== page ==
At a State Department ceremony on September 14 the United States and Israel signed a Memorandum of Understanding promising $38 billion in military aid to Israel over the ten years from 2019 to 2028. As the White House was quick to point out, it is the largest single military aid package ever pledged by the US to any country, demonstrating President Barack Obama’s “unshakable commitment to Israeli security.”
The coverage by the New York Times and other mainstream outlets evinced relief that Washington’s “special relationship” with Israel remains intact, despite the dormancy of US-sponsored Israeli-Palestinian negotiations, the reported personal dislike between Obama and Prime Minister Benjamin Netanyahu, and the determination of the Obama administration to strike a bargain with Iran regarding its nuclear research program over vociferous Israeli objections. In fact, those ties were never in peril, and the Iran deal does not represent a major shift in US grand strategy away from the twin alliances with Israel and Saudi Arabia.
It is true that the Memorandum of Understanding is not quite business as usual.
The bulk of the 2019-2028 money—$33 billion of it—is Foreign Military Financing (FMF), which by US law must be spent by the recipient nation on purchases of weaponry from American manufacturers. In the past Israel enjoyed a unique partial exemption from this requirement, allowing it to spend 26 percent of its aid dollars on arms made by Israeli firms. The set-aside helped Israel to become the seventh largest arms exporter in the world by 2011. Israel was also permitted to use the FMF funds to buy fuel. The new Memorandum closes those two loopholes.
In addition, Israel signed a side letter agreeing to return any more military aid dollars that Congress might appropriate in excess of the $3.1 billion per year laid out in the Memorandum currently in effect and not to lobby Congress for such extra boodle in the future. Neo-conservative darling Sen. Lindsey Graham (R-SC), sure he discerned the White House’s hand behind this codicil, sputtered, “It is a level of antagonism against Israel that I can’t understand.”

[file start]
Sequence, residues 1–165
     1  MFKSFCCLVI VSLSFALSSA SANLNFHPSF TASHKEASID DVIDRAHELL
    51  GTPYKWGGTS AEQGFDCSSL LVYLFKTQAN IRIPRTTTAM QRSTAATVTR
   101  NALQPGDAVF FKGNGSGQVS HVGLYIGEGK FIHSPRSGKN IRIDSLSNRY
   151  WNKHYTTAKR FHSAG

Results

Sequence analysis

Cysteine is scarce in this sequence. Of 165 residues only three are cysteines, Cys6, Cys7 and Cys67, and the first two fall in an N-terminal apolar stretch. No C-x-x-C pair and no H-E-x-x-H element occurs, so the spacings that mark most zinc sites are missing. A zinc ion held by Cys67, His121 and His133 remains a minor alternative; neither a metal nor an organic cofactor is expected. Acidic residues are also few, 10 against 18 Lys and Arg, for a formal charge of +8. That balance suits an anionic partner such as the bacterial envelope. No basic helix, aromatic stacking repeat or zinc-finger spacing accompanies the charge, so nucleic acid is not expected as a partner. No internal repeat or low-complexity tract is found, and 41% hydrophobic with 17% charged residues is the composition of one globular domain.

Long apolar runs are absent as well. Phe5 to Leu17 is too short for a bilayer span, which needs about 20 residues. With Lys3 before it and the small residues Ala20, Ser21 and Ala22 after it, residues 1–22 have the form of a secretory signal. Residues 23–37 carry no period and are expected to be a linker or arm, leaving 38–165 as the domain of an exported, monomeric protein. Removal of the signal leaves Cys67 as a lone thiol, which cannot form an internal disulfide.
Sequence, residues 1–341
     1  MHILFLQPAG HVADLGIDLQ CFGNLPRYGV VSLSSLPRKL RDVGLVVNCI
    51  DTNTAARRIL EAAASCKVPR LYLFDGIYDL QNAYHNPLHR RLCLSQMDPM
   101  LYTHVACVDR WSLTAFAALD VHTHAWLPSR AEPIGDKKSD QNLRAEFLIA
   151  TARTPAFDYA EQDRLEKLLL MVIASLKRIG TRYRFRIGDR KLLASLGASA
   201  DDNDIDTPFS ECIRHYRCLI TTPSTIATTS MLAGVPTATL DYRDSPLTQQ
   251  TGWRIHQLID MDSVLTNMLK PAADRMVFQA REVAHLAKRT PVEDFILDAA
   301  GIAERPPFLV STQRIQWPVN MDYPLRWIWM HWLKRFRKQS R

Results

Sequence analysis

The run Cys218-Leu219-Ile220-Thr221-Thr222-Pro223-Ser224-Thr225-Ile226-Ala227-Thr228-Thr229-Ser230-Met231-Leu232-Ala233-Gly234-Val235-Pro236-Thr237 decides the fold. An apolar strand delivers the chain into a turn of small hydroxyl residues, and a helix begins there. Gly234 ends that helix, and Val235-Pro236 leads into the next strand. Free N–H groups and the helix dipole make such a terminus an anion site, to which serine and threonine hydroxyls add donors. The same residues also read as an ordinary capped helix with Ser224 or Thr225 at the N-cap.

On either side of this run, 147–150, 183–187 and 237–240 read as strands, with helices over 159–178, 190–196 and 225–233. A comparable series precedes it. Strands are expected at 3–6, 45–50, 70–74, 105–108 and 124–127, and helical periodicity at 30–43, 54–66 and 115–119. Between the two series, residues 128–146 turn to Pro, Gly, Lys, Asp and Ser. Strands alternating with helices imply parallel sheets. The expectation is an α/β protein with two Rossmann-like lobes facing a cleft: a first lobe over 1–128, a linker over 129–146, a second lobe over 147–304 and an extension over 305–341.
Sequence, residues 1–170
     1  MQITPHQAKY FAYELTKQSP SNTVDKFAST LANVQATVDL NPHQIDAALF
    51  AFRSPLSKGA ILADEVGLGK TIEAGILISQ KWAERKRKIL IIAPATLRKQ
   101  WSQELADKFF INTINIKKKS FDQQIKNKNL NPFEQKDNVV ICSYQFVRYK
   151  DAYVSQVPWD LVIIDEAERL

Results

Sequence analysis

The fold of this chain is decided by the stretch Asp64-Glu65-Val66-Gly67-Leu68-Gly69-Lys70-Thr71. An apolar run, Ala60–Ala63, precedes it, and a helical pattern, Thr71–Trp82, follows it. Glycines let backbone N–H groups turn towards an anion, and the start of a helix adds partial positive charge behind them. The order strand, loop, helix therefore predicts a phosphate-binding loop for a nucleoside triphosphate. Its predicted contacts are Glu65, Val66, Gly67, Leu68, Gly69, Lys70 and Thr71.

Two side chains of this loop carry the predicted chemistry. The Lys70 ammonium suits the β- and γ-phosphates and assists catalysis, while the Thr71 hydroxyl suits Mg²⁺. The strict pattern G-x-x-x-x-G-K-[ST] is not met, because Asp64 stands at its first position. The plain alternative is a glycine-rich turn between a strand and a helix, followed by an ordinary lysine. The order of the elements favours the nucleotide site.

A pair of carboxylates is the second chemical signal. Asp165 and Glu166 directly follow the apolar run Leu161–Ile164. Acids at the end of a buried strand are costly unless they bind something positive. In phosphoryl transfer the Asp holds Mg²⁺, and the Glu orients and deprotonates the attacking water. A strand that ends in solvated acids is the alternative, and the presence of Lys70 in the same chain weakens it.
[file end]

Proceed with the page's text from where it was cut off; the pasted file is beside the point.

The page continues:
Some independent commentators, as well, see in these measures the beginnings of an effort to cut the US-Israeli “special relationship” down to a bit less extraordinary size. Maybe, but this latest pact aimed at massive buildup of Israeli military capacity is not good news for the cause of peace and justice in the Middle East.
It can only enrich the parallel “special relationship” between Israel and US weapons makers, for instance. Lockheed Martin, Raytheon and their ilk have their own lobbying corps, of course, and they have an enduring interest in keeping Israel armed to the teeth. The end of Israel’s exemption from FMF rules—whereby American taxpayers subsidized the Israeli arms industry—simply routes more taxpayer dollars into American arms merchants’ coffers. It is a particularly pernicious form of corporate welfare.
Moreover, the expansion of military aid to Israel, along with the sales of warplanes and high explosives that Congress regularly approves, sends the message that Washington is content for Israel to remain a garrison state that need not resolve its remaining conflicts with its neighbors, chiefly the Palestinians. The White House press release on the Memorandum boasts of the $3 billion transferred under Obama for missile defense systems, which it claims saved “untold” lives in 2014 “when Israeli civilians were subjected to rocket fire.” There is no mention of the 1.8 million Gazans who have repeatedly endured withering Israeli bombardment using projectiles of US supply.
The new American-Israeli military aid package, in short, is another grim reminder that US stewardship of the Israeli-Palestinian file has functioned not only to frustrate peace but also to consolidate the Israeli occupation of Palestinian lands and deepen its structural violence.